A list of tables appears. Click the Print button to view the table list as a report

Alternatively, double click a table in the list to view it (READ ONLY)



System tables are used by Access to make databases function correctly


Some system tables can be viewed & a few can be edited

But that doesn't mean you should do so . . . UNLESS YOU ARE ABSOLUTELY SURE WHAT YOU ARE DOING

Altering one table may have 'knock on' effects on other tables


Incorrectly editing system tables may corrupt your database or prevent you opening it



If you click on any of the deep hidden tables, you will see a message similar to this:


‘Deep hidden’ tables cannot be viewed by any standard method

3.   Hide the navigation pane

A more useful approach is to hide the navigation pane completely

Untick Display Navigation Pane in Access Options (see screenshot below)


Alternatively, use the HideNavigationPane function in module modNavPaneTaskbar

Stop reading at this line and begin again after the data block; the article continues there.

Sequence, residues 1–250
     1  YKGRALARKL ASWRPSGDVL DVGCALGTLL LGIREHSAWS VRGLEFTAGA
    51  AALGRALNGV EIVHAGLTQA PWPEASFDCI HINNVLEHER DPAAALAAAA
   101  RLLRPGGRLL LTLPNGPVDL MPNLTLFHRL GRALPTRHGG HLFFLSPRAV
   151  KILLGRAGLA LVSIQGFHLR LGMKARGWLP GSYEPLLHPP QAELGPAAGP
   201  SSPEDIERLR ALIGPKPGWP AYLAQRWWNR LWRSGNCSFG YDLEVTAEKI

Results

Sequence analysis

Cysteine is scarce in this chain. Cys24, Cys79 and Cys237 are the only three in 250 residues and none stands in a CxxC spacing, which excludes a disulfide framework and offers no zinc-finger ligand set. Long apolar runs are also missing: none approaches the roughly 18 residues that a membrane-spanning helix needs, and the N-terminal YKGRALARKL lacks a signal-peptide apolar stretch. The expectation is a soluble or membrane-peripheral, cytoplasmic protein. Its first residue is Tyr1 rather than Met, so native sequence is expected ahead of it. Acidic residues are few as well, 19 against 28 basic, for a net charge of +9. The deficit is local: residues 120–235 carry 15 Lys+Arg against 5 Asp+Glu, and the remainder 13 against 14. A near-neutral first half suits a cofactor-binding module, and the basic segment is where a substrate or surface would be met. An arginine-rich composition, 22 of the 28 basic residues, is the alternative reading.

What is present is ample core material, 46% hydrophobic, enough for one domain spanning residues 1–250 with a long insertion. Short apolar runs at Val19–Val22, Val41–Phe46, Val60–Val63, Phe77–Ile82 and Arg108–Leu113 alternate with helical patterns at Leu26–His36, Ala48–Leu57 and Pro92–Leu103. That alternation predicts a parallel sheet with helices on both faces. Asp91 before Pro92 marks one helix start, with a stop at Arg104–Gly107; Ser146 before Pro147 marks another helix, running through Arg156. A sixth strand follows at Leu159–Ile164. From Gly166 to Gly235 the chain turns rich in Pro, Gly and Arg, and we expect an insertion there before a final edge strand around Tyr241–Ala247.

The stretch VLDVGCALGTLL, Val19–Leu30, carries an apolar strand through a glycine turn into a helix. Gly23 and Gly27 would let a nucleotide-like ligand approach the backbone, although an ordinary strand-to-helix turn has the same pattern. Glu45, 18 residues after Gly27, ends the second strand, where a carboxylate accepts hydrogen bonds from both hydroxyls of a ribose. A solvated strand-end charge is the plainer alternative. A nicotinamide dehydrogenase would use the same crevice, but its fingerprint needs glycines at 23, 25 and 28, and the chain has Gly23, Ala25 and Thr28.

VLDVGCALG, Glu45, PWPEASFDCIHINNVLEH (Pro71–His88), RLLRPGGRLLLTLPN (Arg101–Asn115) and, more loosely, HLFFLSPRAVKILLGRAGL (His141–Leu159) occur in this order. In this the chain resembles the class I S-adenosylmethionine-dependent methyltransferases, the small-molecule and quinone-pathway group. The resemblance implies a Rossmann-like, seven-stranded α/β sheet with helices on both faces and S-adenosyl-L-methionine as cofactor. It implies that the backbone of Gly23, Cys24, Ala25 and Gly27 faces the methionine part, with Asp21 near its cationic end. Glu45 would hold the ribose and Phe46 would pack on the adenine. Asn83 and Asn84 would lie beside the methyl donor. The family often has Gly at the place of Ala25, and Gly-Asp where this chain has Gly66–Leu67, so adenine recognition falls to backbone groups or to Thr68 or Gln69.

A similar ShowNavigationPane function is also provided

Both functions are accessible from the Navigation Pane or the Modules tab on the form


If you wish to remove the navigation pane ‘permanently’, do ONE of the following:


•    Add the line HideNavigationPane to the Form_Load event of the startup form in your application

    This code exists but has been disabled in my example app


•    Create a startup macro called Autoexec and add the function to it using the RunCode command

    To see this in action, you can run or rename the inactive Autoexex macro that I have created

4.   Disable various Access options

From the File menu, click Options then Current Database


UNTICK all the following items:


•    allow full menus – this removes all menu items except File and Home


    The File menu will look like the Runtime version with Print / Privacy Options / Exit items only

    However, clicking the Privacy Options item displays the full Access Options screen as shown above


•    allow default shortcut menus – this disables right click context menus


•    use Access special keys - this disables the following keyboard combinations that can be used in Access.